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Glaze of Glory

Discover the beauty of Italian Renaissance Maiolica

In the 15th century, Italian artisans drew inspiration from the Islamic tradition of glazed earthenware pottery to transform humble ceramic objects into eye-catching works of art. Showcasing uniquely Italian designs, the artists leveraged these existing techniques to create their own aesthetic. Now known as Renaissance maiolica, the art form flourished through the 17th century in centers like Florence, Naples, Pesaro, Faenza, Rome, and Deruta.

The term maiolica refers to painted and tin-glazed earthenware pottery. During the time of the Renaissance, tin was a particularly expensive material, as it had to be imported from abroad, making maiolica pottery a prized commodity. Large workshops, led by a master potter, would feature a number of highly specialized workers dedicated to specific tasks like gathering fuel for kilns, preparing and firing the kilns, preparing raw clay, throwing or molding the designs, glazing, and fine decoration using ceramic pigment, further adding to the expense of maiolica for the consumer.

Lidded pharmacy jar with the personification of Fortuna, Italian, probably Pesaro, 1579. Maiolica. 16 × 10 × 10 in. (40.6 × 25.4 × 25.4 cm). The Metropolitan Museum of Art, Bequest of George Blumenthal, 1941.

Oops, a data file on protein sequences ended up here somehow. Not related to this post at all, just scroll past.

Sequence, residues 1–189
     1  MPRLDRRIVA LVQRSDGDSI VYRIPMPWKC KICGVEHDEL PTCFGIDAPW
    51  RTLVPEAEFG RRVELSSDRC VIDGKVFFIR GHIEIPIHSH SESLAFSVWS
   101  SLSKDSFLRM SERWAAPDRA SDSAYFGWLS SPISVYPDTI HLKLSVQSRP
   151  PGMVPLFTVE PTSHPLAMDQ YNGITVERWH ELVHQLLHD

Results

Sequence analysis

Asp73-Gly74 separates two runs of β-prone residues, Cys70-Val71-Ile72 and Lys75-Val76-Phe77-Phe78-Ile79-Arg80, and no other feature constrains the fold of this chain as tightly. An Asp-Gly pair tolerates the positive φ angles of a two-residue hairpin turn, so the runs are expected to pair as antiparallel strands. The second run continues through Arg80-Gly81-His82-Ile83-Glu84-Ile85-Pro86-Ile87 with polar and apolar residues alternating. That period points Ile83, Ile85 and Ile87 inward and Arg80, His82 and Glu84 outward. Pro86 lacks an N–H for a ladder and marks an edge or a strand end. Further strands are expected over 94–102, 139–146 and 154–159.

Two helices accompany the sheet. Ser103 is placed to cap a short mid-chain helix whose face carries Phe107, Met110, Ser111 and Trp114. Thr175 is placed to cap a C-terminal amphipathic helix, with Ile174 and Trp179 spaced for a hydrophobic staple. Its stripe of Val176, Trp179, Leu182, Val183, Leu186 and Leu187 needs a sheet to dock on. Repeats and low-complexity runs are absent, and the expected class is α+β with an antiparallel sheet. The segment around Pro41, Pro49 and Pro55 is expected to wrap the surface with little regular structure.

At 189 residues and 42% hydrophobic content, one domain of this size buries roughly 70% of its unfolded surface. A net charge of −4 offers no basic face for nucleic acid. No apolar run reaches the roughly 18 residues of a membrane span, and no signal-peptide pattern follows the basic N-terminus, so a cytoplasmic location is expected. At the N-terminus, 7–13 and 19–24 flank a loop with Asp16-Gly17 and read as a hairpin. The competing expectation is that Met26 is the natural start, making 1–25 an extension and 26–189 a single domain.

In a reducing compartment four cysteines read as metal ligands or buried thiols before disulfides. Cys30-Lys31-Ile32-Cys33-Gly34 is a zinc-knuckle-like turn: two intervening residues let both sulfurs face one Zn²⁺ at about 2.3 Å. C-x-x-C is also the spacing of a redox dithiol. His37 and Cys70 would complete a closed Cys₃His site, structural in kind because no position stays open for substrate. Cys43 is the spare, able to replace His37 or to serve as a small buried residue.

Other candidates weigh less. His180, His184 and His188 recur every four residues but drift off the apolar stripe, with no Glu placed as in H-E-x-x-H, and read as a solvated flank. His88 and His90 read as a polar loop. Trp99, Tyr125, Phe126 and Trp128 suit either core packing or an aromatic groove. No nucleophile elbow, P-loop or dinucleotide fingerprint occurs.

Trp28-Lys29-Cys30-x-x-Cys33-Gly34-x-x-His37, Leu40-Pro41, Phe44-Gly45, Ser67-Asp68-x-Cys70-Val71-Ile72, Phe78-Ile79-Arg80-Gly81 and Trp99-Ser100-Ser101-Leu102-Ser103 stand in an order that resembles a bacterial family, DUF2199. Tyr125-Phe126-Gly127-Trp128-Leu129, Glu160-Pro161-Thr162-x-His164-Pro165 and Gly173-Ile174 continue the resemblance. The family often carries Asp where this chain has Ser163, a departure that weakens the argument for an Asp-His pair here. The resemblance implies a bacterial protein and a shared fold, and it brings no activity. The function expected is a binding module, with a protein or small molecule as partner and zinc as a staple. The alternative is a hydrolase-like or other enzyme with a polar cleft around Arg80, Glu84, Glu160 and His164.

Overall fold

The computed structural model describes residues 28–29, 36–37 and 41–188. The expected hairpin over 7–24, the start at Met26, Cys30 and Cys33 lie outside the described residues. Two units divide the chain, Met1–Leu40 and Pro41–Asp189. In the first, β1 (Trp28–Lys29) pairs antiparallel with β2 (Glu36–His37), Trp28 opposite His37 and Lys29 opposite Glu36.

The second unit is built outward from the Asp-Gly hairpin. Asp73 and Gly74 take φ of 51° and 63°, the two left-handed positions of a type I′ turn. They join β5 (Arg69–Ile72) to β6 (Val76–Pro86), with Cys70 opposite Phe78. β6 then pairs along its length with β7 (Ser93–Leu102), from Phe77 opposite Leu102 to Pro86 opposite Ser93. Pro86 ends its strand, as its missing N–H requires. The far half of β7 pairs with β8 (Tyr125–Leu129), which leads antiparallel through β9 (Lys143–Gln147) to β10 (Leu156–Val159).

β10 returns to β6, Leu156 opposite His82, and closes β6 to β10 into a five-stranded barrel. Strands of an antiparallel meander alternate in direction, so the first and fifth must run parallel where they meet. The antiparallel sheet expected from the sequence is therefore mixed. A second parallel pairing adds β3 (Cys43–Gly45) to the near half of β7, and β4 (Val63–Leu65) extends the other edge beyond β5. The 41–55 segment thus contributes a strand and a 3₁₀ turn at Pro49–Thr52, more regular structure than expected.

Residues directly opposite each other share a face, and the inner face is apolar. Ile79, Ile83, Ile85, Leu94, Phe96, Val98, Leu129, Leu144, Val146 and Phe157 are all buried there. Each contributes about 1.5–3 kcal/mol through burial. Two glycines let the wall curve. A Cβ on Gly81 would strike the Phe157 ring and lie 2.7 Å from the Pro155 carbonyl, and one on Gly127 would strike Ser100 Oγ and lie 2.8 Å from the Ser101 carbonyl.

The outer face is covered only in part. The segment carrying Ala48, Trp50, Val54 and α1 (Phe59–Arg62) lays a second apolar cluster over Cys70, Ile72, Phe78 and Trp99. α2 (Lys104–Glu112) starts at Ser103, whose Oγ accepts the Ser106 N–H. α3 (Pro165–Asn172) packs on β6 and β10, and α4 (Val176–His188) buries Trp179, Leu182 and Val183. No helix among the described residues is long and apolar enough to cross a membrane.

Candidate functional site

From a technical perspective, the use of tin was pivotal in allowing artists to create the precise decorative patterns that are now so iconic. Compared to previous alternatives, the tin present in a glaze makes the colors less likely to blur or run when fired in a kiln, and so this new advancement allowed artists to paint ceramics with fine detail. Secondarily, tin glaze, without the presence of additional pigment, becomes pure white when fired, which lends maiolica pottery its signature white ground. The pottery would then be painted with a design and fired a second time to seal the design.

In early examples dating to the 15th century, decorations primarily appear in a purple-brown (derived from manganese), green (from copper), and blue (from cobalt). Over time, artists skilled in maiolica also began to experiment with different pigments to add increased detail and depth to their pottery. By the 16th century, yellow, brown, and red decoration became popular as well.

Dragon, Italian, Urbino, probably ca. 1550. Maiolica. 6 5/8 × 9 × 3 9/16 in. (16.8 × 22.9 × 9 cm). The Metropolitan Museum of Art, The Friedsam Collection, Bequest of Michael Friedsam, 1931.